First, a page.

Anyone walking through the South Tunnel at PDX (the tunnel connecting the new Rental Car Center to the airport terminal) will see the newest historic display created by the Port, called “Land of Ports.” The display includes information about two historic hangars that were demolished at PDX, but it’s different than other historic displays you may have seen around town. That’s because in addition to talking about the historic buildings, the Port also took this opportunity to highlight the history and culture of the Native people who have lived on this land since time immemorial.
When public projects like airport expansions or roadway projects have the potential to impact historic properties (more than 50 years old), federal and state laws require the public agency to consult with the State Historic Preservation Office (SHPO) before beginning the project to ensure compliance with cultural resources regulations.
Two historic properties at PDX – in this case, historic airplane hangars – were demolished as the result of separate airport projects: Hangar 701, a former military hangar dating back to WWII, and Flightcraft’s “A” Hangar, built in 1960. Hangar 701 was in use from 1941 until the late 90s, when it stood vacant due to asbestos issues until its demolition in 2007 for airport redevelopment. Flightcraft, a Pacific Northwest-based private aviation business, operated the “A” Hangar for 60 years before it was demolished in 2020 as part of the North Remain Overnight Parking project.
Consultation with SHPO prior to the initiation of the projects determined that each hangar was eligible for listing in the National Register of Historic Places. It was also determined that impacts to both buildings could not be avoided through project design, which meant the Port would be required to offset the loss of the historic properties by preserving each building’s history. That’s where the public displays come in.
Conversations among the Port, SHPO, the Federal Aviation Administration (FAA) and Tribes shaped how we told the story of the hangars. The Port is committed to respecting the history of the indigenous people who were forcibly dispossessed and removed from their homes. So, when we were asked during consultation to broaden the scope of the display to include pre-settlement history of PDX, we understood that a more complete story of the hangars’ significance must include historical context that preserves the history and culture of the Chinook, and other Native people who have lived in this area since time immemorial. In addition to shedding light on the different eras of PDX, the Land of Ports public display also tells the story of the vast and sophisticated trade network that this region was and continues to be part of.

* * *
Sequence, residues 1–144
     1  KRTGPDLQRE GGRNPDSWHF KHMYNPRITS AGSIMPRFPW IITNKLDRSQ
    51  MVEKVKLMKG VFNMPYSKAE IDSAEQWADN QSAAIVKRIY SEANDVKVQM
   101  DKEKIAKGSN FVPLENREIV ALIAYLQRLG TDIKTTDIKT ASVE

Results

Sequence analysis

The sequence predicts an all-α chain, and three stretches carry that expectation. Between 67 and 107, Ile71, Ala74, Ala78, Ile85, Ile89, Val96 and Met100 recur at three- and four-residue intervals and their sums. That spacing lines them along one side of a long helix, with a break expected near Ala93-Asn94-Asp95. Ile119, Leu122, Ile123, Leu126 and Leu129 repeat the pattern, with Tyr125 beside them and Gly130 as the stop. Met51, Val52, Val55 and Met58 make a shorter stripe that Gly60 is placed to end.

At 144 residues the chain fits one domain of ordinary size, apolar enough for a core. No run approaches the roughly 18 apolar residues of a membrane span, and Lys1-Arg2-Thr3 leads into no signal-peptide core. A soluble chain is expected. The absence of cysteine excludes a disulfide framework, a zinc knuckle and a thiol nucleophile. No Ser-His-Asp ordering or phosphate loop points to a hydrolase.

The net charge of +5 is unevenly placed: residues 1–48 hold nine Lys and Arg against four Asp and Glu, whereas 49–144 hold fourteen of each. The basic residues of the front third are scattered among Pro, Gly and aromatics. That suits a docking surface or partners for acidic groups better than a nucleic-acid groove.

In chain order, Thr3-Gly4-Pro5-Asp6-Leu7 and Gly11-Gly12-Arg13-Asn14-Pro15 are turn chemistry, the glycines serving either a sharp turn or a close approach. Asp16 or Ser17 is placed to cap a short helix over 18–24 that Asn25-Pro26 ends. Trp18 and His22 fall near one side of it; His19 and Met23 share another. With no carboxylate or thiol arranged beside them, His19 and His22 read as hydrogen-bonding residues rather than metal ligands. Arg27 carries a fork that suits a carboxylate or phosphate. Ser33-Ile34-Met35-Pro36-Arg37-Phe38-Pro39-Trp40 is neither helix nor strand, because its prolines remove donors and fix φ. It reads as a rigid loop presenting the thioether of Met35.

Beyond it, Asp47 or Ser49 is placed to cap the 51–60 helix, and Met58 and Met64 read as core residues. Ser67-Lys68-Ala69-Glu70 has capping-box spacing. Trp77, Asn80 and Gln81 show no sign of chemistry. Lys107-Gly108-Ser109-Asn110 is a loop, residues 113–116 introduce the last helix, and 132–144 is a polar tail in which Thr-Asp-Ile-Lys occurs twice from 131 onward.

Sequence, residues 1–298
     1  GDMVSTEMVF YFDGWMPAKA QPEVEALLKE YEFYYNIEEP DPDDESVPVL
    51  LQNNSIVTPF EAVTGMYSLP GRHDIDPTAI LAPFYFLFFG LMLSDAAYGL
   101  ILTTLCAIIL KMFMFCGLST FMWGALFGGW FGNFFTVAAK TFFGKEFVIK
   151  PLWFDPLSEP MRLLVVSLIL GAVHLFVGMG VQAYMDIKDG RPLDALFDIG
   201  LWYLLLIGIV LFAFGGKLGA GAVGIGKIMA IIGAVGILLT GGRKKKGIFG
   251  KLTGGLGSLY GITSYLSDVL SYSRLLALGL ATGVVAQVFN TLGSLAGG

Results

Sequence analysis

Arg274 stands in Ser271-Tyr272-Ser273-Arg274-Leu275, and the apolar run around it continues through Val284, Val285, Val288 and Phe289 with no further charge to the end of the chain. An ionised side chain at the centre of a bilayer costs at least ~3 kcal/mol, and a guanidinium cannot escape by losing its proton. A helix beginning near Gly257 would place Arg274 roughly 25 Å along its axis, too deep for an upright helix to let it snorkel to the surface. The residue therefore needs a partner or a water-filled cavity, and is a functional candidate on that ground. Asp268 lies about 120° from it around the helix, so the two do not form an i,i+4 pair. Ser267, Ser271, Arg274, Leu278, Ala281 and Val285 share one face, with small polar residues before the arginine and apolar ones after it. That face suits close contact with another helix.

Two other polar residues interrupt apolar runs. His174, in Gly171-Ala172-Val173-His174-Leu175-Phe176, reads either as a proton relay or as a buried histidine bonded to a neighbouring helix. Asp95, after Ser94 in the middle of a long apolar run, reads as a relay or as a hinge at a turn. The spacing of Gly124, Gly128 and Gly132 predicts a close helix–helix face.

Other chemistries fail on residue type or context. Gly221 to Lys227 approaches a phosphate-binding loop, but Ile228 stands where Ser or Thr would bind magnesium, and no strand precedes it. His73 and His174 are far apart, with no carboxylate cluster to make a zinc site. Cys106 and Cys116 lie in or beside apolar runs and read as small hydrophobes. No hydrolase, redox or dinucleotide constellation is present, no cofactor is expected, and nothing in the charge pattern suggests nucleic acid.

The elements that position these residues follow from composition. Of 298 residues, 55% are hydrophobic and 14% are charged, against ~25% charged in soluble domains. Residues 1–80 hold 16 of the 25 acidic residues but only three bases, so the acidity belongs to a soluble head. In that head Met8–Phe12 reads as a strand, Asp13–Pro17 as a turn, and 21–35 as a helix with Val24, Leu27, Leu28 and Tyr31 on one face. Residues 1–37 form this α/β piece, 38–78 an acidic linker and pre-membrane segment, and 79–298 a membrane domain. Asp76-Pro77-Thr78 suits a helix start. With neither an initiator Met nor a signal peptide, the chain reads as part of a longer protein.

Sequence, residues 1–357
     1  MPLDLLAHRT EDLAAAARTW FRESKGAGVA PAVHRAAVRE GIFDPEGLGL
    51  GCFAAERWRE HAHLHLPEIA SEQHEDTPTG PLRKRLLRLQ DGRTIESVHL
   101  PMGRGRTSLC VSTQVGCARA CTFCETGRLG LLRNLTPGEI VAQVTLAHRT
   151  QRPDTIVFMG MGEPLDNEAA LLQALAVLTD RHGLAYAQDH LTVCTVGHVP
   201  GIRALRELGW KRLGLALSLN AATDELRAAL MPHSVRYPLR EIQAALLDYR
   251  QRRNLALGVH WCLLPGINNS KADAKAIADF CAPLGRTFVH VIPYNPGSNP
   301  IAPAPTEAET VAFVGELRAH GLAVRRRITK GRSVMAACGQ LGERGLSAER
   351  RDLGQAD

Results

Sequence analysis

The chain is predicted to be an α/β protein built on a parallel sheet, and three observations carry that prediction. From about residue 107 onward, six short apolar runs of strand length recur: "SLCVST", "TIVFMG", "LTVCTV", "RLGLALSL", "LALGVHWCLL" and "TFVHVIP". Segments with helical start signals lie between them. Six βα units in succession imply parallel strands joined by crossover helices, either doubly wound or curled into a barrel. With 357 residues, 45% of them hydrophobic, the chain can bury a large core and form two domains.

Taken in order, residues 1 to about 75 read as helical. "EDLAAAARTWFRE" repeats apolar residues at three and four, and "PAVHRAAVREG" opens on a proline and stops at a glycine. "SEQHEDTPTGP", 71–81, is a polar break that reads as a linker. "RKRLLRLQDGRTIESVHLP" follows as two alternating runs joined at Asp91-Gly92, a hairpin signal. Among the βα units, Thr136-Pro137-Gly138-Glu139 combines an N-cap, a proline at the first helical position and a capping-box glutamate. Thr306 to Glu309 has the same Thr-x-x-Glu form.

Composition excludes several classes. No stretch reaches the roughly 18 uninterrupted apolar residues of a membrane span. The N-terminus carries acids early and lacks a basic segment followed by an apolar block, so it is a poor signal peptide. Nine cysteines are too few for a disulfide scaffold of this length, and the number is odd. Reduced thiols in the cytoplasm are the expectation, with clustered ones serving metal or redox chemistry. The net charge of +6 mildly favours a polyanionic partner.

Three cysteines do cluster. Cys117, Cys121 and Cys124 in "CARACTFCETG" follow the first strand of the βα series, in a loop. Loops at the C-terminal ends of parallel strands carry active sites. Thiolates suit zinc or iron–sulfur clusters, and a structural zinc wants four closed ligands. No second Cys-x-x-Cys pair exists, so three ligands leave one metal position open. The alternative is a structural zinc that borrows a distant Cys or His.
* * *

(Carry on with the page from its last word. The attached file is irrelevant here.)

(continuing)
After several years of thoughtful collaboration among Port staff, Tribal partners and Dudek, a local cultural resources consultant, the new display can now be viewed in the South Tunnel at PDX. A lot of work went into developing this display, and everyone at the Port who played a part in making it happen – including partners in Environmental Conservation, Community Engagement, Tribal Relations and the PDX Art Program – is incredibly proud of the outcome: A beautiful display that shares the rich history of this region.
For more information about the two historic hangars and other historic sites at Port of Portland locations, visit https://www.portofportland.com/HistoricalSites.